-What's the nicest compliment you've received regarding Pathfinder Beta?

We've had a lot of compliments from customers and fans who, like us here at Paizo, didn't think that 3.5 was dead. So it's not really any one compliment, but the fact that there's SO MANY other gamers out there who are interested in what we're doing that's really cool. When we first did the open Beta, I was expecting to see 3,000 or 4,000 downloads. As I said above, we got over ten times that amount. It's pretty incredible.


-On the opposite side of that, any really good zingers that stand out?

None that I can remember! I try to focus on the positive side of things, but there have certainly been a lot of negative things said about the game. None of them stand out, though... again, I try not to let them bug me.


-What's the office atmosphere like at Paizo?

It's a strange mix of laid-back and super stressful. Getting all these monthly products out each month is grueling, and the Pathfinder RPG is causing all sorts of crazy panic attacks. It's not unusual for me to put in a 70 hour week now and then. That said, the fact that we can pretty much set our own hours is really nice—I generally work from 11:00 AM to 8:00 PM. The editorial pit's pretty well decorated with all sorts of strange posters, toys, Nerf guns, a stuffed Ithaqua hanging from the ceiling, a rubber chicken dangling from a window curtain cord, Godzilla toys, transformers, stuffed dice, goofy Photoshop pranks on each other, Final Fantasy toys, Lovecraft stuff... it's definitely NOT like working in the stereotyped office.


-What are some of the specific challenges in designing an RPG that's backwards-compatible with an existing system?

The big challenge is to avoid over-designing. It's really tempting at times to get carried away and try to make something like, say, the rules for falling objects more complex and more "realistic." The 3rd edition rules are pretty graceful and strong as is, though, and in a lot of cases, we change things and realize that the original method was better all along. The Beta is a lot less backwards compatable than the final game will be as a result.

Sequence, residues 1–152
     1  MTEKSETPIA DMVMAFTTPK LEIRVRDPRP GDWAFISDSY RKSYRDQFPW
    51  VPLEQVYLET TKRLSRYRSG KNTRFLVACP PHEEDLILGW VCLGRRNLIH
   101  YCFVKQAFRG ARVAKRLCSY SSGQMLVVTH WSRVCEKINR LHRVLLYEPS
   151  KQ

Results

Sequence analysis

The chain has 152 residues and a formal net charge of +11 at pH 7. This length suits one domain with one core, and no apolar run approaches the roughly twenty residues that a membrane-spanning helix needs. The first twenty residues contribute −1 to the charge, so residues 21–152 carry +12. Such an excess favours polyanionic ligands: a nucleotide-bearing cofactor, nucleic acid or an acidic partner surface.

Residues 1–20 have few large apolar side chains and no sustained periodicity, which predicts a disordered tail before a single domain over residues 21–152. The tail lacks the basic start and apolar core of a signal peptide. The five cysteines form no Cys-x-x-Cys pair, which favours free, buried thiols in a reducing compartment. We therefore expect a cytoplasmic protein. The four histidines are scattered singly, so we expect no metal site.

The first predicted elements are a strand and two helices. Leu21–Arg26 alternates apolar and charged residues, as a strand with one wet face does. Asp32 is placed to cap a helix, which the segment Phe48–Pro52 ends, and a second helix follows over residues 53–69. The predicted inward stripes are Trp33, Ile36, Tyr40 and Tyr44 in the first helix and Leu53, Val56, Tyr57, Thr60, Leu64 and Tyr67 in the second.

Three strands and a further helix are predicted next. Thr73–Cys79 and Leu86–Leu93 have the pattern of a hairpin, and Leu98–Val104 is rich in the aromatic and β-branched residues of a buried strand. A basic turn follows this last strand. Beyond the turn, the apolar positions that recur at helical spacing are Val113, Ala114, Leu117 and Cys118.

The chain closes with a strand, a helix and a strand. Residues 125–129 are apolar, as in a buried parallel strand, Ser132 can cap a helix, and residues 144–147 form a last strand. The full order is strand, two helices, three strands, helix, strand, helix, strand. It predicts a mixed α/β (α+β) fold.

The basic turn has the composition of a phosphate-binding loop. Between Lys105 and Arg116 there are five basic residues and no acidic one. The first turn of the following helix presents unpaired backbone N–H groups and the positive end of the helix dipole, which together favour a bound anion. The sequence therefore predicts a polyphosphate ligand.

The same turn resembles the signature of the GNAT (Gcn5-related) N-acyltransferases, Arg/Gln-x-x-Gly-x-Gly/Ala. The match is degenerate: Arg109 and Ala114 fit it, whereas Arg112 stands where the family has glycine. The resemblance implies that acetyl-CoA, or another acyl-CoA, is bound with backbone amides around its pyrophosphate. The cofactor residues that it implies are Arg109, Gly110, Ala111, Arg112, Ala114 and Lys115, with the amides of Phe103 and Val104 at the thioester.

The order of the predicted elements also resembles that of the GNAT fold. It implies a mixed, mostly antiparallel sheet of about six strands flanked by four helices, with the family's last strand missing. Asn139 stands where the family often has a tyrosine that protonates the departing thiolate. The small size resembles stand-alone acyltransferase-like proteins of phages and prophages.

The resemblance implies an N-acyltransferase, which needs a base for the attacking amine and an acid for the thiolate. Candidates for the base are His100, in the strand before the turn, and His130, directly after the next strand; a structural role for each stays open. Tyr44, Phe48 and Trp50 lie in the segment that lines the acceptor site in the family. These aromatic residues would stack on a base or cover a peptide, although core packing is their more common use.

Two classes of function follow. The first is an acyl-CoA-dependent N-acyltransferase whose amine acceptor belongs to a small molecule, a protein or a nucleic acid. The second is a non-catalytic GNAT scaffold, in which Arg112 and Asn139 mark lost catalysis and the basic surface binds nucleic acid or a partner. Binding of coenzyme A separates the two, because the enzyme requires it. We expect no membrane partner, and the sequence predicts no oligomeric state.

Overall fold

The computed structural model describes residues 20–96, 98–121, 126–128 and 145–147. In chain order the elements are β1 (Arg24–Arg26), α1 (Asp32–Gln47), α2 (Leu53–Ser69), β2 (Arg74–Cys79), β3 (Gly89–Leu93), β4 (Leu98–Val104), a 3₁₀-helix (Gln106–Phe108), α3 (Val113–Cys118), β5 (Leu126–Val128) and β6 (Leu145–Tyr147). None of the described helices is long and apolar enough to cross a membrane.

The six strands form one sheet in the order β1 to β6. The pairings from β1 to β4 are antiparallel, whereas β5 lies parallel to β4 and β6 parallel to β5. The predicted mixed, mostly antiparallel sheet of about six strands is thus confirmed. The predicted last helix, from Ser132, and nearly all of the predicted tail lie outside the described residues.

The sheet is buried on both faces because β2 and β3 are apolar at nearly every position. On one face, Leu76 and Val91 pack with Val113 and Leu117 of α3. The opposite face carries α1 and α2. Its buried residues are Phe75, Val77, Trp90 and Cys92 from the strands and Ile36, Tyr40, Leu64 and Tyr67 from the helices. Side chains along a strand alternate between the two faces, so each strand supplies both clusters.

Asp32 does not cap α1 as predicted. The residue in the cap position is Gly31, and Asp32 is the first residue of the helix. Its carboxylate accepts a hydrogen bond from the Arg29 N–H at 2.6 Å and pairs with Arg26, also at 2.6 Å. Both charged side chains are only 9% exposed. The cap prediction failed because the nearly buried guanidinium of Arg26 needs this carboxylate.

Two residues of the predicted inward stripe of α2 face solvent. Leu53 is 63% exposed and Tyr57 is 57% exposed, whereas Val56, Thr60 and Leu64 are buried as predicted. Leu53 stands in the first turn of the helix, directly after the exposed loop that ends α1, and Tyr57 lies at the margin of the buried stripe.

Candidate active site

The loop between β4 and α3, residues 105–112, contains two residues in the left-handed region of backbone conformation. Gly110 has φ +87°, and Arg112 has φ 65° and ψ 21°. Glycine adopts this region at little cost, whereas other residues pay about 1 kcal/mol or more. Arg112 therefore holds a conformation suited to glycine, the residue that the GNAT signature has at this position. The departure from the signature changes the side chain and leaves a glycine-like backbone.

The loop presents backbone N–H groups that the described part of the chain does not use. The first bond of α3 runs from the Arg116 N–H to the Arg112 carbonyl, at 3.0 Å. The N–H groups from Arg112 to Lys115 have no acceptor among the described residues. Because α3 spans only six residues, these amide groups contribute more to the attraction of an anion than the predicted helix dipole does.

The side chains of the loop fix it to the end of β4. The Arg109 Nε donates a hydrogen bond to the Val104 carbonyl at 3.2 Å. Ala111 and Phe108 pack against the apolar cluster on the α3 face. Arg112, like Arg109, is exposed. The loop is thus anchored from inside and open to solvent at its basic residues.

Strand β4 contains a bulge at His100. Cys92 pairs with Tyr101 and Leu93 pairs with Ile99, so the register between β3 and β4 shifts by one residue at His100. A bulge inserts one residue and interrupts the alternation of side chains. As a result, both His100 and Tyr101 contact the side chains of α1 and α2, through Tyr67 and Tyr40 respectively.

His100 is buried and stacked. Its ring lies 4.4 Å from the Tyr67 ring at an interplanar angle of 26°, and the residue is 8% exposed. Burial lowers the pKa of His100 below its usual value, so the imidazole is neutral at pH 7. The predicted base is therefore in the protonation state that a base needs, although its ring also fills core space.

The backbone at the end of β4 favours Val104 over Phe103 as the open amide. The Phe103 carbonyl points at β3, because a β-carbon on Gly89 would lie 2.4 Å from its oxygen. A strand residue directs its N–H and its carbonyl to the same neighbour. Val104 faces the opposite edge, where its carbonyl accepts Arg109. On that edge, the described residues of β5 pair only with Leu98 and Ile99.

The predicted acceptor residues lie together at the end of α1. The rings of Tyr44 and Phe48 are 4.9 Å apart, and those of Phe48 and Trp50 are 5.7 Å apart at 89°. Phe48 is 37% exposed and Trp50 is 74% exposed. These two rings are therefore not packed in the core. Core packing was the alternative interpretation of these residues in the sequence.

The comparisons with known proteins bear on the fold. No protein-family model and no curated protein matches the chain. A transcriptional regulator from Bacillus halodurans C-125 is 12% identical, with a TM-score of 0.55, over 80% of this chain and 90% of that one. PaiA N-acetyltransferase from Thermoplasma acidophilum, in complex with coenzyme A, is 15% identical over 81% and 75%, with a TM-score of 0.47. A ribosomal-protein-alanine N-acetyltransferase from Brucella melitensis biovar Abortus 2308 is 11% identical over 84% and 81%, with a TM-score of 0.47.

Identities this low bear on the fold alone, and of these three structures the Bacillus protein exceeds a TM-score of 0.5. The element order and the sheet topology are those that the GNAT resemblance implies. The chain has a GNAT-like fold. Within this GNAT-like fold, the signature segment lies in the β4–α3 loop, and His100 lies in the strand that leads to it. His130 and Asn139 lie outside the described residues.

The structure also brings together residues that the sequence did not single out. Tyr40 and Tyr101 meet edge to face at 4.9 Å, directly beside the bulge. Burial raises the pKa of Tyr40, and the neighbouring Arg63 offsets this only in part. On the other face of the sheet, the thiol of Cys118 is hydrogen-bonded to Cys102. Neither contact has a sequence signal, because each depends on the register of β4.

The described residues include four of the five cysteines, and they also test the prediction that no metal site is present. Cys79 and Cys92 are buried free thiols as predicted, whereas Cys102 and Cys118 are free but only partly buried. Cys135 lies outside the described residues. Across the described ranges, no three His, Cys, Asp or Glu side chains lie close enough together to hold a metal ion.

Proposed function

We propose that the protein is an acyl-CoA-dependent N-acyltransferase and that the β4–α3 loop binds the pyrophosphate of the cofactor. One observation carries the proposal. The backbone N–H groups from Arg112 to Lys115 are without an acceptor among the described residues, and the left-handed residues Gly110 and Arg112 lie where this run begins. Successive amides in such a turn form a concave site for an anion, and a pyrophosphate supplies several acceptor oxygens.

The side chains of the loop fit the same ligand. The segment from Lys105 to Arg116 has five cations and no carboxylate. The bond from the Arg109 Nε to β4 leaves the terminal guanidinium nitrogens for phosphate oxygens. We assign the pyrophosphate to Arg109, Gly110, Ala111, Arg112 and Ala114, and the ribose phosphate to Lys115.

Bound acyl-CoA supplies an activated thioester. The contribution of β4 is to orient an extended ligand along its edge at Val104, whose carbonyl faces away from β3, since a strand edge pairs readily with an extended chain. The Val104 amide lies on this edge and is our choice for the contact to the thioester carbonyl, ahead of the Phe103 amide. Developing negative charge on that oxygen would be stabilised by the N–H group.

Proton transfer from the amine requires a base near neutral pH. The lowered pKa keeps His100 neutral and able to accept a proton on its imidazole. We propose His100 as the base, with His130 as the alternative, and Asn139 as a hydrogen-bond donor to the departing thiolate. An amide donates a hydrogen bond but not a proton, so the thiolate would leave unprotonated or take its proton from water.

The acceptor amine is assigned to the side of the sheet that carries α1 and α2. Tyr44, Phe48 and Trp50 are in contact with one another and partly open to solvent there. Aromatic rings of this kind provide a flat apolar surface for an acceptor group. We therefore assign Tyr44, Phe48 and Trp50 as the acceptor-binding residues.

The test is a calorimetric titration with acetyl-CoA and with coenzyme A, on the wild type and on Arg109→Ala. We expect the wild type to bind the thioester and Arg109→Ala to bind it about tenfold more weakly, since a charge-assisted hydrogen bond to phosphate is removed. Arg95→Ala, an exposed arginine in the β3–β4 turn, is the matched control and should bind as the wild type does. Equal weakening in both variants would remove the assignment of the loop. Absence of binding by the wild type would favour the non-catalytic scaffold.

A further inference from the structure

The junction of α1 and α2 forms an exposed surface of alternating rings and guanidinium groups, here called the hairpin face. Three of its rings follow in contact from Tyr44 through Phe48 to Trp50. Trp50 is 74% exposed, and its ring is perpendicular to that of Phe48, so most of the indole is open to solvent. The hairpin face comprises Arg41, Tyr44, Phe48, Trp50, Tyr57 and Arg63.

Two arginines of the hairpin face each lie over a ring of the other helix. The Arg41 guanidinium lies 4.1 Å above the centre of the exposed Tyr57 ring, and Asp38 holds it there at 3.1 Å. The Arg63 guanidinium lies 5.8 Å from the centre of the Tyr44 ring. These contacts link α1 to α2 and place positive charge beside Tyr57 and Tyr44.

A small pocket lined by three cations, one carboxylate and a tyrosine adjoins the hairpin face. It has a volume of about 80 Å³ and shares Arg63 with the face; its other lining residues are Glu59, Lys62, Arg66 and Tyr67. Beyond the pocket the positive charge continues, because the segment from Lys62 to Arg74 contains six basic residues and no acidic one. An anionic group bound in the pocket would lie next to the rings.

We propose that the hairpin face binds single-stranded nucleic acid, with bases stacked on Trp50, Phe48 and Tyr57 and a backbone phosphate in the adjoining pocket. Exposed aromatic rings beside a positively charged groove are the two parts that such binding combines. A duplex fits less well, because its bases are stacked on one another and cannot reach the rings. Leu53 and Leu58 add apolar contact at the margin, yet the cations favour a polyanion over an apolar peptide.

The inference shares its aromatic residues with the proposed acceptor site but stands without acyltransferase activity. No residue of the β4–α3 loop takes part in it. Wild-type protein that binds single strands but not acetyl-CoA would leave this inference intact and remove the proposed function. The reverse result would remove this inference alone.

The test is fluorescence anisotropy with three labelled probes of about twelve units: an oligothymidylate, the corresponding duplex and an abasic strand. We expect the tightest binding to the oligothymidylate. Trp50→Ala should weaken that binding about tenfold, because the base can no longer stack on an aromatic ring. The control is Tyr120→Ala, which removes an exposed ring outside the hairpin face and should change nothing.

And actually, I prefer just saying "Compatible with 3.5." I don't really like implying that one version of the rules is "backwards" to the other; the vast majority of the products we'll be producing are going to not be rules products; they'll be built using the PF RPG, but they'll be compatible with 3.5. Just sounds nicer without saying "backwards." That could just be me though. :-)


-Can you give us a little background on the Pathfinder Society and Organized Play? How's been the growth on that, and how what can players wanting to give it a try expect?

It's coming along quite well. We're edging up on the end of the first season, which we're calling "Season Zero." It's sort of a "playtest" of the organized play system, so that we can work all the bugs out and get things rolling. Season One starts at Gen Con 2009, and will transition over to the Pathfinder RPG rules at that time. It's pretty exciting, especially for the new author looking to break in to the industry—writing a Pathfinder Society scenario's probably the best way for an unpublished author to attract our attention.


-How is easy is it going to be for 3rd party publishers to support Pathfinder? Between the OGL and GSL, where would you say the Pathfinder-specific license for 3rd party publishers is going to come down in terms of openness/complexity?